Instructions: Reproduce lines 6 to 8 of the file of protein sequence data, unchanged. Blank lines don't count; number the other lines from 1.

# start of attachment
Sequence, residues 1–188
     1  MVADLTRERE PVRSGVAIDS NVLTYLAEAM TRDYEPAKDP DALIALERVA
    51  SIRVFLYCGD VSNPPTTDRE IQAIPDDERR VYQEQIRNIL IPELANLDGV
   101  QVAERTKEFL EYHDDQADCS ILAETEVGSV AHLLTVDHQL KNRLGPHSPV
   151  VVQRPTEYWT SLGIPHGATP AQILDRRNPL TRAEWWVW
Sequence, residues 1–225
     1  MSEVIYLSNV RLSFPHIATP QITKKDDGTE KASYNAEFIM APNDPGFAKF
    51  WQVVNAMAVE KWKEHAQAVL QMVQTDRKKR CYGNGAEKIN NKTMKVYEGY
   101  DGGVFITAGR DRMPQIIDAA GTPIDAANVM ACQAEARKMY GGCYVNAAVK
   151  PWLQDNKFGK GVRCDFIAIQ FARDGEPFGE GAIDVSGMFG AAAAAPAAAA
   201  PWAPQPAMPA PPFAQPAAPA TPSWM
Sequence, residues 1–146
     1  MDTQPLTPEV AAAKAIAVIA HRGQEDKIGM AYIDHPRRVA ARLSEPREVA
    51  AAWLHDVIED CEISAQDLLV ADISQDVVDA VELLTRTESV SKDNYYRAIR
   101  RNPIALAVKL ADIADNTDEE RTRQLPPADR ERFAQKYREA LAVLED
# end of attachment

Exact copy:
Sequence, residues 1–225
     1  MSEVIYLSNV RLSFPHIATP QITKKDDGTE KASYNAEFIM APNDPGFAKF
    51  WQVVNAMAVE KWKEHAQAVL QMVQTDRKKR CYGNGAEKIN NKTMKVYEGY